By Siouxsie Wiles 14/03/2019 2


I’m currently taking part in the Culture Track of the Mozilla Open Leaders programme, 14 weeks of mentoring and training by the Mozilla Foundation. I’m hoping to learn how to build an open culture for my lab and other projects I’m involved in.

I’ve been interested in the concept of open science/research for a while now. If you haven’t heard of open science, it’s the movement to make more of our research practices, methods, and data accessible than just the stuff that eventually makes it into a scientific journal. That includes all our dead ends and failed experiments.

I was so keen to give it a try that in 2013 I convinced my PhD student, now Dr, Hannah Read to document her experiments and data in real time in a sort of open lab book. As her project was a new area for my lab, I was hoping that the research community would offer advice as we were going along and help us avoid making any obvious mistakes. It was an interesting but ultimately unsuccessful experiment. We never got any feedback. I’m not sure anyone ever really read what Hannah was writing.

When I decided to try to give open science another try last year, I tweeted that I was looking for a mentor, and asked people to tell me how they went about making their labs/research more open. The responses were overwhelmingly the same. All variations on just do what you normally do, only in the open.

Really, that’s it?!

I found that advice so unsatisfactory. Over the past couple of years, I’ve become increasingly aware that the way my lab normally does things is less than optimal. Actually, that’s a monumental understatement, but more on that another day. Stepping into the open research waters this time around seemed a good opportunity to set us on a better path.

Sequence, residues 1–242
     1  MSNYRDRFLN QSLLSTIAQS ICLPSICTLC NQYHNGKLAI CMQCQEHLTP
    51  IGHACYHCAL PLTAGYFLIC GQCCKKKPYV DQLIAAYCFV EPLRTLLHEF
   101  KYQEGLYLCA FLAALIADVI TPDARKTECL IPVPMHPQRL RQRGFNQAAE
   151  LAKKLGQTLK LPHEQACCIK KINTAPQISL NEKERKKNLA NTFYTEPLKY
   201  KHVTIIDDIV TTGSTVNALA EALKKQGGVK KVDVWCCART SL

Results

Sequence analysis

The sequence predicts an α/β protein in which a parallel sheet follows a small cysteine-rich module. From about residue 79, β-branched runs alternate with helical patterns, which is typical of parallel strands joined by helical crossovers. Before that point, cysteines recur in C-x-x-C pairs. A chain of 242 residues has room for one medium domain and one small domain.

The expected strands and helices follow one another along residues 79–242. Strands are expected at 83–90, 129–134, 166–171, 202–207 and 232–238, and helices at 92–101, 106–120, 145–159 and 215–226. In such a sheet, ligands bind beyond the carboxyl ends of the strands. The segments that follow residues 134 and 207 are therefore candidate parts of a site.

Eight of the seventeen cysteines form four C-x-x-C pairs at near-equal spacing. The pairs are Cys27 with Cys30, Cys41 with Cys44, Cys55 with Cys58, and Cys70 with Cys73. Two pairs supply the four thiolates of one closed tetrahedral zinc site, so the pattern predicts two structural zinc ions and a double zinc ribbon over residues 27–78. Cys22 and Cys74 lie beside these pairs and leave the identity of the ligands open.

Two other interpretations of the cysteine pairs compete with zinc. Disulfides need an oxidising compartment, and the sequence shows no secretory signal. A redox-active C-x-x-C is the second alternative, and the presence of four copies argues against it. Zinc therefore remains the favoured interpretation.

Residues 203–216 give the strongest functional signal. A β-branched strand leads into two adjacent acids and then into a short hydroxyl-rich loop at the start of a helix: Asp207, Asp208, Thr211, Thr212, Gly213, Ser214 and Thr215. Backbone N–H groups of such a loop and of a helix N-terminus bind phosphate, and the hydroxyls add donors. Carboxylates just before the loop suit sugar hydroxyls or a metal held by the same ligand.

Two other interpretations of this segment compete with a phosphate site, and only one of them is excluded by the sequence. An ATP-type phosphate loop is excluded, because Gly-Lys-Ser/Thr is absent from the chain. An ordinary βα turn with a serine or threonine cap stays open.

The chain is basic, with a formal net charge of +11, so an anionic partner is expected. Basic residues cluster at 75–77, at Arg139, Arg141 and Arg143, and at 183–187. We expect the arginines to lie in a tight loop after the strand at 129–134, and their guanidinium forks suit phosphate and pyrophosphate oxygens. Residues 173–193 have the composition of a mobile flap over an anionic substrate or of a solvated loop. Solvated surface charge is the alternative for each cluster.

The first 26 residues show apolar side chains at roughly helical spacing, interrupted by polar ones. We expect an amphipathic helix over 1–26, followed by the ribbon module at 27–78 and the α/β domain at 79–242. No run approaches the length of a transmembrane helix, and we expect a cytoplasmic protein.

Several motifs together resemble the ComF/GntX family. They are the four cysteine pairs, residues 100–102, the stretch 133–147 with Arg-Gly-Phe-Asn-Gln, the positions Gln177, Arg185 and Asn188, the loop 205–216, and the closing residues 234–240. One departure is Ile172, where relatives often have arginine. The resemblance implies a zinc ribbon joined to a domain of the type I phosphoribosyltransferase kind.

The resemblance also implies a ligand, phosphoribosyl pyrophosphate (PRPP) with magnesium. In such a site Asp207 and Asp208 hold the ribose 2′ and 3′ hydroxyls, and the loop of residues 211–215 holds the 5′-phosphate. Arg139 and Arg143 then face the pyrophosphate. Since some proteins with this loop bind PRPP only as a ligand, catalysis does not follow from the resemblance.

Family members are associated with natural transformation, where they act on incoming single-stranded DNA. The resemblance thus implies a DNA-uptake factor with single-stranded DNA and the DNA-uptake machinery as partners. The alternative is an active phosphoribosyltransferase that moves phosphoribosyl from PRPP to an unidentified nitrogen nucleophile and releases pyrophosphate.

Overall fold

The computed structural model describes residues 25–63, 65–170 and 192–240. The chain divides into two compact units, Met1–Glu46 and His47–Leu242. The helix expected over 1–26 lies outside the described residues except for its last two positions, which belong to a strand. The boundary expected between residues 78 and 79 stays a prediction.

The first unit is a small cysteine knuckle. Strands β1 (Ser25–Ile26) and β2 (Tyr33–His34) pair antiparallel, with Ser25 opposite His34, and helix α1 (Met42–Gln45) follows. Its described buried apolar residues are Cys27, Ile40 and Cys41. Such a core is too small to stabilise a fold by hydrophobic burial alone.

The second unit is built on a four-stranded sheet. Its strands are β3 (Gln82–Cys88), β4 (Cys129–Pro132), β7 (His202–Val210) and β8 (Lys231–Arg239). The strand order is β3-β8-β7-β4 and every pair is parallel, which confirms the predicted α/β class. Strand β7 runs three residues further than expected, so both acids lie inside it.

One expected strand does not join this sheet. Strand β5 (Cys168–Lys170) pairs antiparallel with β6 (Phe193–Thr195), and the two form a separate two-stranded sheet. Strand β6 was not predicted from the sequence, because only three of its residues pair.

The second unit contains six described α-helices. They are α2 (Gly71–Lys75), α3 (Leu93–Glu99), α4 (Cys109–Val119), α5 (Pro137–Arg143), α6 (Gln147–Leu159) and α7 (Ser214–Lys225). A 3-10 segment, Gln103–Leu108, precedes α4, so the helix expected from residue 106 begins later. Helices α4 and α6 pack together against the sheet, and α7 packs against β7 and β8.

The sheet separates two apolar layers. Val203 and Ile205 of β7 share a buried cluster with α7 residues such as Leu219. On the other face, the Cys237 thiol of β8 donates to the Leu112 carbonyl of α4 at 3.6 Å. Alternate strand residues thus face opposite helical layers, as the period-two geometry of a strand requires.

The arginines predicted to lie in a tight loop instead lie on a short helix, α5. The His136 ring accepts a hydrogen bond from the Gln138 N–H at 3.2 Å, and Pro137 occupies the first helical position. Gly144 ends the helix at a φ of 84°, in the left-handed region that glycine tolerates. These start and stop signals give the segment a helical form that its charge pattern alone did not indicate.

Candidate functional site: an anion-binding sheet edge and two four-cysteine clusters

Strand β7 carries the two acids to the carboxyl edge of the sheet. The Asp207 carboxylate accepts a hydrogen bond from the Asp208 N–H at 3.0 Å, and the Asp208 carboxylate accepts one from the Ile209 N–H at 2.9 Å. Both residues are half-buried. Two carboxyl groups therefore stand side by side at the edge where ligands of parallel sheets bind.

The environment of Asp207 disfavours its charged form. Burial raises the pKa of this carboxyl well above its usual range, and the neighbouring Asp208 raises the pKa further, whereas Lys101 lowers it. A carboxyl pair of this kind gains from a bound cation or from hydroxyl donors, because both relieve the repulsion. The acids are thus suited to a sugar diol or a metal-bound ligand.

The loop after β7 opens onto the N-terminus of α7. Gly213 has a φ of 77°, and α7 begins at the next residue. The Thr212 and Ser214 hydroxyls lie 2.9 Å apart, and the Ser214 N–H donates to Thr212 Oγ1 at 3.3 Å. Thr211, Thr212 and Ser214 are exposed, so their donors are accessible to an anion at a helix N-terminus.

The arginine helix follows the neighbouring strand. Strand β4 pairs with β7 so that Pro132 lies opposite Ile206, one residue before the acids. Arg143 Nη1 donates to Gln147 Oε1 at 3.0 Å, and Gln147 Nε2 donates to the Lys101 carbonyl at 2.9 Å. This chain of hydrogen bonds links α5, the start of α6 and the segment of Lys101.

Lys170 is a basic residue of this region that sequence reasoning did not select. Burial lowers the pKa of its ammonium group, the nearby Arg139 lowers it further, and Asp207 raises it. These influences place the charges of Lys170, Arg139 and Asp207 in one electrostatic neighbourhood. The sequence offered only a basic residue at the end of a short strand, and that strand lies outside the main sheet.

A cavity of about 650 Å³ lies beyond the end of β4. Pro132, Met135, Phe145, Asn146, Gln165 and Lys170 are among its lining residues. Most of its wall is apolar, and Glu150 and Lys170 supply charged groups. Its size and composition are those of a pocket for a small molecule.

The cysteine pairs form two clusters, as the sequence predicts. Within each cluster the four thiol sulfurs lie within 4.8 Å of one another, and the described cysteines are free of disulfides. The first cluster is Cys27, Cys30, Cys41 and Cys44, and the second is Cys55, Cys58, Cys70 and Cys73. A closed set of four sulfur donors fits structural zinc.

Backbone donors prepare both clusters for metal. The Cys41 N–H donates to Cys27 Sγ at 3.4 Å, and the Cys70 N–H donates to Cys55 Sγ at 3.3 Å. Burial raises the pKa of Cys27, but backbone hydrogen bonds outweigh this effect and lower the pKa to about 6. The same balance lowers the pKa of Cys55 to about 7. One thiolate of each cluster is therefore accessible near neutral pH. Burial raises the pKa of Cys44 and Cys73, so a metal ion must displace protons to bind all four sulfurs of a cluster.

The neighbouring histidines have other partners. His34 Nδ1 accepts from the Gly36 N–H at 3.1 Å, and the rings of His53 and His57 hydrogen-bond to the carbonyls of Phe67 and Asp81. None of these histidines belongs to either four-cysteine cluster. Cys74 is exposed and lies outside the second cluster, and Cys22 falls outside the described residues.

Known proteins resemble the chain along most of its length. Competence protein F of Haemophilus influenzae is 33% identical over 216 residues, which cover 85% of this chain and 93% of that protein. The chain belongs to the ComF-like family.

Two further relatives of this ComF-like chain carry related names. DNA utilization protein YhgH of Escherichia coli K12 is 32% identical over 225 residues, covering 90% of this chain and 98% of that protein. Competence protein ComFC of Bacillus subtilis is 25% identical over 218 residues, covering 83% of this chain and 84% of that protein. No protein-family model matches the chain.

And that’s why I pretty much whooped with delight when I attended my first Open Leaders cohort zoom meeting. We covered the difference between things being open by default versus open by design.  Open by default is defined as when someone just throws an open licence on something or just says something is open. It’s chaotic, vague, and unsupported. In contrast, when something is made open by design, it is intentional, ordered, strategic, and process-based.

Trying and failing… and learning.

Yes! That’s how I want things to be. Open by design. Here’s a good example of the difference.

In 2016 we published some of Hannah’s PhD work in PeerJ. We included the raw data from the figures so anyone could change how we plotted our graphs or potentially reuse our data. At least that was our intention… The raw data is in an excel file. With no readme file. I didn’t really even know what one of those was. Except perhaps if you saw one, you were supposed to read it? Our data makes bugger all sense to anyone except us. So much for being reusable.

Now my lab and I are learning all about data management, tidy data, and readme files, and how to manage and store our data in a way that will abide by the FAIR data principles – making it Findable, Accessible, Interoperable, and Reusable. I will definitely post our processes and what we’ve learned at some point but it’s all definitely still a work-in-progress.

In all honesty, at the moment it is much harder and more time-consuming than the way we were doing things before. But I’m confident the effort will be worth it in the long run.


2 Responses to “Open by design, not default.”

  • For the purposes of encouraging both scientists and non-scientists to read and seek out the work they ultimately fund, I reckon there could be an extra element to FAIR – “engaging.” Encouraging interaction, including a relatable ‘human’ side, and presenting information in multiple formats beyond raw data and the most optimal graph. FAIRE?